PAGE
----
2019 - January
Welcome Address by ISCA President Mr Kon Yin Tong at the ISCA Pre-Budget Roundtable 2019 at the Intercontinental Singapore, Grand Ballroom, on January 9, 2019 at 9am
09 Jan 2019 Category: Speeches
Mr Liang Eng Hwa
Chairman of the Government Parliamentary Committee for Finance, Trade & Industry
Members of the Media,
Ladies and gentlemen,
Good morning. Welcome to the tenth ISCA Pre-Budget Roundtable.
2019 Economic Environment
- For most of 2018, talk of the trade war between China and US echoed constantly, leading to market unease, instability and falling sentiments as the world watched with bated breath.
- The on-going and volatile trade war between the world’s two largest economies are having repercussions on the global supply chain, businesses and markets worldwide.
- The prolonged uncertainty led the International Monetary Fund to lower its world economic growth projections for 2019 from 3.9% to 3.7%. Market analysts likewise trimmed their forecast for Singapore, citing protectionism as a top risk.
Recap of Budget 2018
- Last year’s Budget represented a continuation of Singapore’s efforts to spur economic transformation in the age of Industry 4.0, while shoring up reserves to meet increasing needs in healthcare, social spending, security and infrastructure.
- For businesses, diverting resources towards transformation, in response to disruption, is easier said than done – especially when there are always immediate fires to fight and rising costs to buffer for.
- Minister of Finance Mr Heng Swee Keat said in his Round-up Speech to the Budget debate in Parliament last year that despite all the public attention on the upcoming Goods and Services Tax hike, economic transformation was the “most critical challenge” that Singapore faced, and that this task “was growing more urgent by the day, as structural changes in the global economy and technological advances disrupt the status quo.”
- As Singapore companies brace themselves for the impact of global uncertainty and rising costs, how can we encourage proactive and progressive efforts in transformation? How does Singapore ensure that transformation does not become a mere buzzword, but an action item?
Progress on the Economic Transformation & Digitalisation
- Currently, Industry Transformation Maps, or ITMs, have been rolled out to build broad awareness about anticipated transformations to 23 sectors. The next step, which is by no means easier, is to get businesses to implement. The feedback we have received from SMEs on the ground was that there is still some way to go to achieve broader and deeper consensus. At the core, how can the government continue to encourage businesses to transform in the face of existing structural inefficiencies? As leaders of industry, what initiatives do you envision taking place to effect and catalyse change?
- In today’s technologically advanced world, digital transformation is a key component of greater economic transformation. For businesses to effect successful digitalisation, it is not just about procuring hardware but also the software – the necessary skills and buy in from workers. Apart from monetary or tax incentives, how can companies be encouraged to adopt technologies? How can the government and industry collaborate to help address these factors?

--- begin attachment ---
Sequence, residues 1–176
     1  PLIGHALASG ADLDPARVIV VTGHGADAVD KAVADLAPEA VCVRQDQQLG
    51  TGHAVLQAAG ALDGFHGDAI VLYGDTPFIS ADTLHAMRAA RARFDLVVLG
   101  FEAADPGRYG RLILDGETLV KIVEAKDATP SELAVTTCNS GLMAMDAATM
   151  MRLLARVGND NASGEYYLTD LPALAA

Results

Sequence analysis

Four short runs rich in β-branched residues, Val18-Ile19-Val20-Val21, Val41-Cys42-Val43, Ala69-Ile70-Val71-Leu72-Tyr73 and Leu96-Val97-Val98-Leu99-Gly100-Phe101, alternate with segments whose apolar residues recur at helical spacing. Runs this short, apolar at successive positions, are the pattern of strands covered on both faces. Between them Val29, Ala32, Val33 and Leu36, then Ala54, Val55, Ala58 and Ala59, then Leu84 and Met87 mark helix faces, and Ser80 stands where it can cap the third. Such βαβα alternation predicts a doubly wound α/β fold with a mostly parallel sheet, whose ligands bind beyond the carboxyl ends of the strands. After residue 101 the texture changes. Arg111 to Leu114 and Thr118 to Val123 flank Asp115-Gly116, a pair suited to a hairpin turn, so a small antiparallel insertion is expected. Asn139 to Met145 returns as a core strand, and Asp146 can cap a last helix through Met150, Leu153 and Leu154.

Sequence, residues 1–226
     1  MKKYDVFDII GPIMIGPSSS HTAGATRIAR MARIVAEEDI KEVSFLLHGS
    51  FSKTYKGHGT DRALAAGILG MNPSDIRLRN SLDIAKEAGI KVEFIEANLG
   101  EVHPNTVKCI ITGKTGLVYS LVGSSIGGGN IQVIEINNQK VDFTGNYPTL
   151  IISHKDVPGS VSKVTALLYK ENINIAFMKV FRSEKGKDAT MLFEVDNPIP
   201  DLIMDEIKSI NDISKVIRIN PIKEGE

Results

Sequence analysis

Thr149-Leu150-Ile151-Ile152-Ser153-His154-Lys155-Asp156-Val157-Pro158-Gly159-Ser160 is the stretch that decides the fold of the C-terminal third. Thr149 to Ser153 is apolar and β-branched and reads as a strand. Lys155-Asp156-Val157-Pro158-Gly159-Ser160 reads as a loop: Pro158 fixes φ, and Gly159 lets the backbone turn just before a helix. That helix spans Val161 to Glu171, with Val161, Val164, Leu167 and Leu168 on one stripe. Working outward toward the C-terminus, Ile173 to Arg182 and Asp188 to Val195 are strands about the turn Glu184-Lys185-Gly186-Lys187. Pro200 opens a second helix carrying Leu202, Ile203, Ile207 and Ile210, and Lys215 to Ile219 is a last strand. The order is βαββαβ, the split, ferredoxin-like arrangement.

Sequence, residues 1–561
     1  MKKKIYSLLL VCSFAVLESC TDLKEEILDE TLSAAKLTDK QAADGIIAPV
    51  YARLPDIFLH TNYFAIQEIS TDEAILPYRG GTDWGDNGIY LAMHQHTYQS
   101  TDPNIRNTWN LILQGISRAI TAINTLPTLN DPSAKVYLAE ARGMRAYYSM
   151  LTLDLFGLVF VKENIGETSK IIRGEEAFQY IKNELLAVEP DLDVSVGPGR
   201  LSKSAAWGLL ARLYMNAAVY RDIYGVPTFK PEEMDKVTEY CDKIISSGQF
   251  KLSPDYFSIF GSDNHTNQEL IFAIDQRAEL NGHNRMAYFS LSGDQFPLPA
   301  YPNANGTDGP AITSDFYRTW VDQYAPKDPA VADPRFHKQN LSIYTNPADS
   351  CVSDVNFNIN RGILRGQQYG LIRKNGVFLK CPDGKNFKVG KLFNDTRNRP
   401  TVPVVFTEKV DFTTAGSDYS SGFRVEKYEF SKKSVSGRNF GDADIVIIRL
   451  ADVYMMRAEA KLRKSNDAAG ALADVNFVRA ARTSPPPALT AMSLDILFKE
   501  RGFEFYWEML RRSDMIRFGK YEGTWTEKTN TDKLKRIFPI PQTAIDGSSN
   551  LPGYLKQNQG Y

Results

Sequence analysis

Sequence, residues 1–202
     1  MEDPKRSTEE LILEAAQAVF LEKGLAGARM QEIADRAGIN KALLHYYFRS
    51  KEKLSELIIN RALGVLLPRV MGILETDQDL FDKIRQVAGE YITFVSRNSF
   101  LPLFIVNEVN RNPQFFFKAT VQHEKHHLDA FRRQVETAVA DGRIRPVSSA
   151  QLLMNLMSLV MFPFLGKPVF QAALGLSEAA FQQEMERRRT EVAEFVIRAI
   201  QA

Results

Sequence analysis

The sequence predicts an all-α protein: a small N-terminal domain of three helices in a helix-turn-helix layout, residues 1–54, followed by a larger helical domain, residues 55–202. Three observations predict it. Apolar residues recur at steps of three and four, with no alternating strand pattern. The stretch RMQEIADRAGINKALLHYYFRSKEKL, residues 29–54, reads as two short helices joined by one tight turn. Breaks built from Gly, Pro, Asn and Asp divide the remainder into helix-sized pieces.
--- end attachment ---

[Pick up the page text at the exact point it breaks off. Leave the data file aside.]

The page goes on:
- On the subject of internationalisation, there are indications that Singapore businesses are keen to tap on the larger markets and opportunities present overseas. The government is also keen to propagate Singapore Inc. and is tireless in its efforts to ink more and better trade deals with its partners.
- Yet perennial issues abound – SMEs do not seem to be able to benefit proportionately from, and share in, the fruits of the government’s efforts, be they grants or local expertise or free trade agreements. What are your thoughts on this?
Jobs and Skills
- Finally, as Singapore races to mitigate the negative impacts of an ageing population and technological disruption on its workforce, programmes like the Professional Conversion Programme and Attach-and-Train Programme, as well as other digital reskilling initiatives, which reskill and redeploy manpower to understaffed sectors, become increasingly critical. What has been your experience with such programmes? How do you feel such programmes can be further sharpened to meet the needs of your industry?
I believe our panellists are ready to share their views on how we can contribute towards shaping a better Singapore through Budget 2019.
This year, the theme for our Pre-Budget Roundtable is “Progressing with a Vibrant and Innovative Economy”, with the discussion broadly structured around the following areas of:
- Industry Transformation Maps, and what next;
- Digitalisation and productivity;
- Internationalisation; and
- Jobs and Skills
We look forward to a vibrant and thought-provoking discussion with our panellists whom we have invited from diverse business sectors to share their views and recommendations on some of these issues.
Before we begin, I would like to express my sincere thanks to the panellists, as well as our observers from relevant government agencies, for taking time from their busy schedules to be at this roundtable. In particular, I would like to thank Selena Ling, Head of Treasury Research & Strategy at OCBC Bank, who will be sharing with us the 2019 outlook for Singapore amidst a tumultuous global climate.
I now invite my co-chair Mr Liang Eng Hwa to deliver his keynote address.